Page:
As costs vary considerably nationwide, the best way of ascertaining how much money you’ll require for your trip is to peruse the relevant regional chapters of this book. Be prepared to pay more in the larger cities such as Mumbai (Bombay) and Delhi, as well as at popular tourist destinations during peak season.
In relation to sightseeing, foreigners are often charged more than Indian citizens for entry into tourist sites (admission prices for foreigners are sometimes given in US dollars, payable in the rupee equivalent), and there may also be additional charges for still/video cameras.
When it comes to bedding down, hotel tariffs are usually higher in big cities (especially Mumbai) and tourist hot spots and may also be influenced by factors such as location, season and festivals. Given the vast differences nationwide, it’s misleading for us to pinpoint a countrywide average accommodation price. If you’ve got cash to splash, some of India’s top-end hotels are among the world’s finest, but be prepared to fork out at least US$200 per night at the better properties before even getting a whiff of room service. Surf the Web for possible internet discounts.
So how does this all translate to a daily budget? Given the vast accommodation price differences across India, it’s impossible to arrive at one neat figure. However, as an example, in Rajasthan you can expect to pay roughly between US$20 and US$25 per day if you stay in the cheapest hotels, travel on public buses, do limited sightseeing and eat basic meals. If you wish to stay at salubrious midrange hotels, dine at nicer restaurants, do a reasonable amount of sightseeing and largely travel by autorickshaw and taxi, you’re looking at anywhere between US$40 and US$65 per day.
Eating out in India is sizzling-hot value, with budget restaurant meals for as little as Rs40 (even less at the more basic street eateries), and usually from around double that for a satiating midrange restaurant feed. At the more suave urban restaurants, main dishes generally hover between Rs150 and Rs350 to which you’ll need to add the cost of side dishes, such as rice, and (usually) a tax of 10% to 12.5%.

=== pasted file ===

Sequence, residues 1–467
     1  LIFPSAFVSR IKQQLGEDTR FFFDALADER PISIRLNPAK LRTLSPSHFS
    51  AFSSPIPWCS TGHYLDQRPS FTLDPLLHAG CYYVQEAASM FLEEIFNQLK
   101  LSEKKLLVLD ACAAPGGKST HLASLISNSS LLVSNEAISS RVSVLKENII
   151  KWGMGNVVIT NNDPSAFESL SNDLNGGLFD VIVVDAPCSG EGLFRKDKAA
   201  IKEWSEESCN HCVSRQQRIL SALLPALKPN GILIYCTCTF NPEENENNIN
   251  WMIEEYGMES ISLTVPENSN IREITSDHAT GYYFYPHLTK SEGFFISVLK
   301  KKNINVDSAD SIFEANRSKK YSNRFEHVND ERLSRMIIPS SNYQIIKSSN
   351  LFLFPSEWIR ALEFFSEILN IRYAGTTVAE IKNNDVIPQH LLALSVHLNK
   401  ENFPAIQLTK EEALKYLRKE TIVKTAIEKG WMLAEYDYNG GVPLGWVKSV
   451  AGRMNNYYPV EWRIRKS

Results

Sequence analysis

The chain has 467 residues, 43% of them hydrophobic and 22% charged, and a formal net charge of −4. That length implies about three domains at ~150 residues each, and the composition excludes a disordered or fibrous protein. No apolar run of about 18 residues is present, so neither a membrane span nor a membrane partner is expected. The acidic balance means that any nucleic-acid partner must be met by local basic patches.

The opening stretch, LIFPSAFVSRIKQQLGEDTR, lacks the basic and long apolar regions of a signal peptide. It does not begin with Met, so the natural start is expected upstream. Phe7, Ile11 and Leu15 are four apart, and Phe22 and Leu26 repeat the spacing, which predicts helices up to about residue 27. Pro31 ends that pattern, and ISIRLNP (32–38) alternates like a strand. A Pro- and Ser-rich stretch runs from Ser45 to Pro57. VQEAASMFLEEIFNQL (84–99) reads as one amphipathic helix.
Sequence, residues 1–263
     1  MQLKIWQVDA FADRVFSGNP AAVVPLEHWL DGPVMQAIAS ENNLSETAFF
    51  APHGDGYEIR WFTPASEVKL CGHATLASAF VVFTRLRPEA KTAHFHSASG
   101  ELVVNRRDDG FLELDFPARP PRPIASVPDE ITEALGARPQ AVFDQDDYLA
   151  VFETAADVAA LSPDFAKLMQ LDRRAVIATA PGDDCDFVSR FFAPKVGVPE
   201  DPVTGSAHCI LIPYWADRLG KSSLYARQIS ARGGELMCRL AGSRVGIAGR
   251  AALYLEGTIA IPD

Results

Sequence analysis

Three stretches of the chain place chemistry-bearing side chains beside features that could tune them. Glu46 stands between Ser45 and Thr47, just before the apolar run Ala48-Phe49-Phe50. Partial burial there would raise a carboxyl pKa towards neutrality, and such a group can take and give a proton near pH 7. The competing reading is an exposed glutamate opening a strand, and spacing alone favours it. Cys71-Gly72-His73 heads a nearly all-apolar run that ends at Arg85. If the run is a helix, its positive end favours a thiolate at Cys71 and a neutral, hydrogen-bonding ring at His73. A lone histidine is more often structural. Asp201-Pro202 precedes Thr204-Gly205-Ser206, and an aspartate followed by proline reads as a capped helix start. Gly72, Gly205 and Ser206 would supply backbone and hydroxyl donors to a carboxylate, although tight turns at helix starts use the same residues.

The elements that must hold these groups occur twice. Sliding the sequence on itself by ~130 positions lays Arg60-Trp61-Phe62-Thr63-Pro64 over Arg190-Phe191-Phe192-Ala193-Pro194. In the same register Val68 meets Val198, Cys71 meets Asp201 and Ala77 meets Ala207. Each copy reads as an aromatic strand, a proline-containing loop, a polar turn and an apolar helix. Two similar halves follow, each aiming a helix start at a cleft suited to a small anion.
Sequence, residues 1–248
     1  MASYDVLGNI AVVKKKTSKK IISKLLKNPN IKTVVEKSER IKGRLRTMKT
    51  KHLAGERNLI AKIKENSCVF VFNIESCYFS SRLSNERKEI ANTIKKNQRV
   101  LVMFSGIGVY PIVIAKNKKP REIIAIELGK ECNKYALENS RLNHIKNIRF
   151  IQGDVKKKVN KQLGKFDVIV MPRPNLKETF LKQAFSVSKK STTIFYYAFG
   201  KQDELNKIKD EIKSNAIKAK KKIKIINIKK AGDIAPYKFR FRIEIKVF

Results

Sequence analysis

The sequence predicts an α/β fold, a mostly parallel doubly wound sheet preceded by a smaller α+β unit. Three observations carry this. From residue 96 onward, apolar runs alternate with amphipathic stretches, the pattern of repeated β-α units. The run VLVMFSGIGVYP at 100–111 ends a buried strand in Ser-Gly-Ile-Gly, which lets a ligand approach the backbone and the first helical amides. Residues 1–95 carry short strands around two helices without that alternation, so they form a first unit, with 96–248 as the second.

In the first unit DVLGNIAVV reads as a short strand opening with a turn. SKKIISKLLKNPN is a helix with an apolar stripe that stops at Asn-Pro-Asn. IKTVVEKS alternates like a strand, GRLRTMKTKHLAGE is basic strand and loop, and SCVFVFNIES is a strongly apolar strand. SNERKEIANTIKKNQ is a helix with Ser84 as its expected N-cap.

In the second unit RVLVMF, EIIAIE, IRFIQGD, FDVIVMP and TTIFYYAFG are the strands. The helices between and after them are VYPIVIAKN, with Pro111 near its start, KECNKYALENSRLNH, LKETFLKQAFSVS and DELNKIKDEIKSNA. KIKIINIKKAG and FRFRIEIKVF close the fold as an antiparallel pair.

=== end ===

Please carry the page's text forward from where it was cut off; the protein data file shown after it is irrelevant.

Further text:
Regarding long-distance travel, there’s a range of classes on trains and several bus types, resulting in considerable flexibility vis-à-vis comfort and price. Domestic air travel has become a lot more price competitive over recent years thanks to deregulation and good internet deals. Within towns there’s inexpensive public transport, or perhaps you’d like to hire a car with driver, which is surprisingly good value if there are several of you to split the cost.
The Indian rupee (Rs) is divided into 100 paise (p), but paise coins are increasingly rare. Coins come in denominations of 5, 10, 20, 25 and 50 paise, and Rs 1, 2 and 5; notes come in Rs 10, 20, 50, 100, 500 and 1000 (this last bill can be hard to change outside banks). The Indian rupee is linked to a basket of currencies and its value is generally stable.
ATMs linked to international networks are common in most towns and cities in India. However, carry cash or travellers cheques as backup in case the power goes down, the ATM is out of order, or you lose or break your plastic.
Remember, you must present your passport whenever you change currency or travellers cheques. Commission for foreign exchange is becoming increasingly rare; if it is charged, the fee is nominal.
Modern 24-hour ATMs are found in most large towns and cities, though the ATM may not be in the same place as the bank branch. The most commonly accepted cards are Visa, MasterCard, Cirrus, Maestro and Plus. Banks in India that reliably accept foreign cards include Citibank, HDFC, ICICI, UTI, HSBC, the Punjab National Bank and the State Bank of India. Away from major towns, always carry cash or travellers cheques as backup.
Bank impose higher charges on international transactions, but this may be cancelled out by the favourable exchange rates between banks. Reduce charges by making larger transactions less often. Always check in advance whether your card can access banking networks in India and ask for details of charges.